With the feature off, it should be your goal only to run Flash media you can trust. This is where click-to-play could be useful ("Ask to Activate" permission for Flash). This delays Flash from starting on a page until you approve it.

To set "Ask to Activate", open the Add-ons page using either:

  • Ctrl+Shift+a
  • "3-bar" menu button (or Tools menu) > Add-ons

In the left column, click Plugins. Look for "Shockwave Flash" and change "Always Activate" to "Ask to Activate".

With this setting, when you visit a site that wants to use Flash, you should see a notification icon in the address bar and usually (but not always) one of the following: a link in a black rectangle in the page or an infobar sliding down between the toolbar area and the page.

The plugin notification icon in the address bar typically looks like a small, dark gray Lego block. When the page wants to use a blocked plugin, the icon turns red to alert you to the concern.

If you see a good reason to use Flash, and the site looks trustworthy, you can go ahead and click the notification icon in the address bar to allow Flash. You can trust the site for the time being or permanently.

But some pages use Flash only for tracking or playing ads, so if you don't see an immediate need for Flash, feel free to ignore the notification! It will just sit there in case you want to use it later.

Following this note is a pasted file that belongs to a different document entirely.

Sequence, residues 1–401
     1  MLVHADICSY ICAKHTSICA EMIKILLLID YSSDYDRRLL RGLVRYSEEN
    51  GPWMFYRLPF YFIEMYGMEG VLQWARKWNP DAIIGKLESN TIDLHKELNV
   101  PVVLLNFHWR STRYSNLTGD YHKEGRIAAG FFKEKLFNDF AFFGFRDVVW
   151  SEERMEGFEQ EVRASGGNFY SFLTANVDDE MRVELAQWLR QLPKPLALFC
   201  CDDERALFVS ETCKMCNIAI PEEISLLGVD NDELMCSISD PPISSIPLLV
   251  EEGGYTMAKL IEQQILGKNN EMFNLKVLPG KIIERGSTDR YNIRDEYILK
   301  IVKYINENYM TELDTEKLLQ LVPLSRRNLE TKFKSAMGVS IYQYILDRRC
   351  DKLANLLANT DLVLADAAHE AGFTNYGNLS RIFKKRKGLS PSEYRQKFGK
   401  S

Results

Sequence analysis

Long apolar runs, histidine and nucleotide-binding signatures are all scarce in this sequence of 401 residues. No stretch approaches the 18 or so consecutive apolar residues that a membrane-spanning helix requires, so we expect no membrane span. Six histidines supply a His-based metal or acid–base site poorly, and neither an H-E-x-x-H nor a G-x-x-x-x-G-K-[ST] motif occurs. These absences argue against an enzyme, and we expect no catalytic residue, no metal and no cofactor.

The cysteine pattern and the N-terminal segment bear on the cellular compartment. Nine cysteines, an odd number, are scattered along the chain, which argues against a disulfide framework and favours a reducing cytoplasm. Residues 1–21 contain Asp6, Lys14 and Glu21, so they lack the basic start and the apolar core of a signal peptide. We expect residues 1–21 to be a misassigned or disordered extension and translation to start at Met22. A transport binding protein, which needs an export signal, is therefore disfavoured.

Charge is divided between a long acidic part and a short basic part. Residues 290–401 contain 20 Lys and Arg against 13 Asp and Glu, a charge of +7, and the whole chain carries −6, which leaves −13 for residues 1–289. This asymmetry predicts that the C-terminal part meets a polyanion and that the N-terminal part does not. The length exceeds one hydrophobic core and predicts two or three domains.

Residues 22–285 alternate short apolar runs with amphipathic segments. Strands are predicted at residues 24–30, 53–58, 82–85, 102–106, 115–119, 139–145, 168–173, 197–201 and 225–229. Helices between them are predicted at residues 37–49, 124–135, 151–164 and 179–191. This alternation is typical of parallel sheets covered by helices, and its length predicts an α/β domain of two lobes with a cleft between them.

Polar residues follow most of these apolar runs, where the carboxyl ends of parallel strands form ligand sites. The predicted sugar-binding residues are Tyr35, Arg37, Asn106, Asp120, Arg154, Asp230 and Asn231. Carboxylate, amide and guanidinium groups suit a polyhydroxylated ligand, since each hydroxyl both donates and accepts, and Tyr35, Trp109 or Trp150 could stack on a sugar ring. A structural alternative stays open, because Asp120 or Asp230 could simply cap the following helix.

If you want finer control: This extension addresses the issue of only wanting some videos on a page to play: https://addons.mozilla.org/firefox/addon/click-to-play-per-element/ (I haven't tried it myself)

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Thanks. Sounds fine as a temporary fix, but as Flash ran fine in protected mode under Win 8.x presumably a fix will be in the offing to address this soon?

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Just tried the "Ask to Activate" feature. I like that and will see how it works day to day. Flash isn't the best software citizen anyway so having some discretion over its behavior may not be a bad thing.

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The two latest Flash crashes are linked to a bug that seems to affect sites where Flash gains access to the camera and/or microphone such as chat sites or audio recording sites. The bug report is specific to Windows 10, but the issue affects older versions of Firefox as well as current, so it could have been triggered by a Flash update or a Microsoft change.

Adobe is aware of it, but I couldn't find their bug report on it. In Mozilla's bug report, I didn't see any workaround for this issue. You might to use a different browser for sites where you use your webcam and/or microphone for the time being.

Regarding a protected mode fix, I really have no idea. (sad face here)

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I'm not sure how Norton works with Flash or with plugin-container.exe. There is a free program (free for home use) that claims to block exploits from escaping your browsers. I haven't tried it myself: https://www.malwarebytes.org/antiexploit/

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I saw a reply somewhere that I can't find again now which suggested TURNING OFF PROTECTED MODE in flash settings on firefox flash plugin, HAVE DONE SO AND IT SEEMS TO HAVE WORKED !!!!!!! :-)